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Make Math Moments Academy Forums Community Discussion Ask For Feedback CONTENT/DEPTH Question: Grade 5 Decimal Division Reply To: CONTENT/DEPTH Question: Grade 5 Decimal Division

  • Jennifer Corforte

    February 13, 2020 at 11:50 am

    ABSOLUTEY! In as early as Grade 3, we work on the meaning of each factor in a multiplication equation. Teachers, district wide, have established with our students that factor #1 is always “number of equal groups” and factor #2 is always “number in each group” and the product tells us “number in all.” Students understand that 3 x 4 represents something different than 4 x 3 even though their products are the same (Commutative Property for Multiplication).

    When we begin division, we discuss that every multiplication equation has two “related division equations.” Instead of the traditional “fact families” which have 4 equations, we only highlight 3 equations as a “family.”

    For instance, the multiplication equation is 3 x 4 = 12 (meaning “3 groups of 4 is 12″) has the two following<b style=”font-family: inherit; font-size: inherit;”> related division equations:

    #1: 12 divided by 3 = 4 (meaning “I have 12 in all and want to make 3 equal groups, the quotients tells me how many in each group.“)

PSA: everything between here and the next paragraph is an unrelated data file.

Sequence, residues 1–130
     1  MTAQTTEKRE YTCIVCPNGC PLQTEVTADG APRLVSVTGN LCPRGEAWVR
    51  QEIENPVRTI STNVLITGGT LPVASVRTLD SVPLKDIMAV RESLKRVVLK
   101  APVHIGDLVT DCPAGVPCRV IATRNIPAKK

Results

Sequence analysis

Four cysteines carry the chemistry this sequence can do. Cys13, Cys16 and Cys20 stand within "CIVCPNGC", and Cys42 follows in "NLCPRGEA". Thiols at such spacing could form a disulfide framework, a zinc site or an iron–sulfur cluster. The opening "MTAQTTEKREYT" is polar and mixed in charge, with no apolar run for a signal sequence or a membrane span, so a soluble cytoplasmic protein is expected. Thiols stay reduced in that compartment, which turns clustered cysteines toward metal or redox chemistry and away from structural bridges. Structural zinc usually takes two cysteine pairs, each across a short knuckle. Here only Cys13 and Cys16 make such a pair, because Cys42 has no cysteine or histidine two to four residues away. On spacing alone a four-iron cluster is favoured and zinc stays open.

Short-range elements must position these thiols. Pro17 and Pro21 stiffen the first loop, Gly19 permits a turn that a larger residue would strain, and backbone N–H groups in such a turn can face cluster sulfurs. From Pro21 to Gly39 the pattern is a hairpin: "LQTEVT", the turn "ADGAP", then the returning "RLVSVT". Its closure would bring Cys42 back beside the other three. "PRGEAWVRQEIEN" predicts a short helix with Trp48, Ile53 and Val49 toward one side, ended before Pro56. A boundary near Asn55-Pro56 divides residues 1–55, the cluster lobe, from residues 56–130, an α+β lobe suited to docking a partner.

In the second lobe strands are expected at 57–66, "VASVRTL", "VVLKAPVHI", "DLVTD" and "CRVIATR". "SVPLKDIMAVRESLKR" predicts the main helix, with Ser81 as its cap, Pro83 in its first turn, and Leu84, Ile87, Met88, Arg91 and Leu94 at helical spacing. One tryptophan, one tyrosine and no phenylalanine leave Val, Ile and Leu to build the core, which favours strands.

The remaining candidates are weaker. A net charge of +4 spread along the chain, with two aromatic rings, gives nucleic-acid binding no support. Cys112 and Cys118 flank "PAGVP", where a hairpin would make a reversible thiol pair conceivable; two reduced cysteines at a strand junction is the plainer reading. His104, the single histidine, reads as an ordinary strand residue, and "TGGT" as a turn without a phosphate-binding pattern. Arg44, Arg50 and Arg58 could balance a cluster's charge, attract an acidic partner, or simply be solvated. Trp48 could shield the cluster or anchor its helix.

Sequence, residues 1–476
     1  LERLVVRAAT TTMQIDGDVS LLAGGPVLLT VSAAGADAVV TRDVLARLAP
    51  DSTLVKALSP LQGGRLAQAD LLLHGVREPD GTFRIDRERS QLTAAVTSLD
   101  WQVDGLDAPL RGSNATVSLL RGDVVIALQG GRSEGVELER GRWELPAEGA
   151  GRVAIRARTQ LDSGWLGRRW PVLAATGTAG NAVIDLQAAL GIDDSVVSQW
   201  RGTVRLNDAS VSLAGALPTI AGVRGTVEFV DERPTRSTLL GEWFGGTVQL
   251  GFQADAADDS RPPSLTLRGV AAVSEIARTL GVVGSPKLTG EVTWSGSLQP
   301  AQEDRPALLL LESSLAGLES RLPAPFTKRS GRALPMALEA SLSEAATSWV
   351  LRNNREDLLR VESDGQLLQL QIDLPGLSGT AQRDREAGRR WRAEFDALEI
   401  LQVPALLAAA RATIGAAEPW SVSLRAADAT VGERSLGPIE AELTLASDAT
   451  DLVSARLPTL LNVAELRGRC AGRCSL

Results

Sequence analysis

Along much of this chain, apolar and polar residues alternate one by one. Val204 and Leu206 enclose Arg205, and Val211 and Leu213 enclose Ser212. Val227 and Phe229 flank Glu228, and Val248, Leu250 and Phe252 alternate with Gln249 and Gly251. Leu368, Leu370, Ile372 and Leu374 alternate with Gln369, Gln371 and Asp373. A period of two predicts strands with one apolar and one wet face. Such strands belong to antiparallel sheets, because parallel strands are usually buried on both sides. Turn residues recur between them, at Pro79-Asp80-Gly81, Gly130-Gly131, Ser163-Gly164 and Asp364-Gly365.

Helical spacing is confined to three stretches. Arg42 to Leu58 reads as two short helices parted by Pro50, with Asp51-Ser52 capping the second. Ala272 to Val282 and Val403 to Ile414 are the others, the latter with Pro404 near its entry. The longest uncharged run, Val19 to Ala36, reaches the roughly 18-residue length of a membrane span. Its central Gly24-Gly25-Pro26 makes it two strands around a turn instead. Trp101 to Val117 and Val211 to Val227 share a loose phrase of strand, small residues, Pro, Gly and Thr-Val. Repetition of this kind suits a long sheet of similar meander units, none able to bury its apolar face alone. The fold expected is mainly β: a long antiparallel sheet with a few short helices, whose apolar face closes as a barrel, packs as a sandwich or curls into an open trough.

#2: 12 divided by 4 = 3 (meaning “I have 12 in all and want to place 4 in each group, the quotient tells me how many groups I can make.”)

    We continue using these same ideas as we study the area model and partial products/quotients for multiplication and division in grades 4 and 5, always relating it back to their Grade 3 studies.

    When we get to division of decimals with 1- and 2-digit whole numbers, we think of the divisor as “number of groups.” When we switch to a decimal divisor we discuss how it “hurts our brains” to think about 0.4 groups, for instance. So, re-enter the divisor as “number in each group.” This is easy to show when the dividend and divisor are inside their basic facts, such as 2.4 divided by 0.4. We can use a number of strategies such as the number line, skip-counting by 0.4, repeated subtraction, etc.

    Eventually, we present an example where they realize it would require an exorbitant number of skip-counts…(ain’t nobody got time for that! haha!) So, we suggest…“What if we could somehow ‘change’ this divisor and go back to our ‘number of groups’ type of thinking?” Using the Identity Property for Multiplication along with their knowledge of Multiplying by Powers of 10, we show how to transform a HARDER problem (14.4 divided by 0.04) into an EASIER problem (1440 divided by 4). Now, students use strategies such as partial quotients (most of our students) or the area model (some of our lower students who still like the visual of 1440 square units, 4 rows, how many in each row?).

    All of this we can accomplish! Here is where my question comes in. How much further does a 5th grader need to go? Do we need to annex zeros past the decimal point if we are not doing long division? Or is this something we can reserve for Grade 6?

    Again, sorry for the novel. This would clearly be better suited for a conversation, but I’ll take what I can get when you are in Canada, and I, New Jersey. I appreciate the response and would love to hear your thoughts now that I’ve clarified where our students are conceptually about division.

    Thanks, Jennifer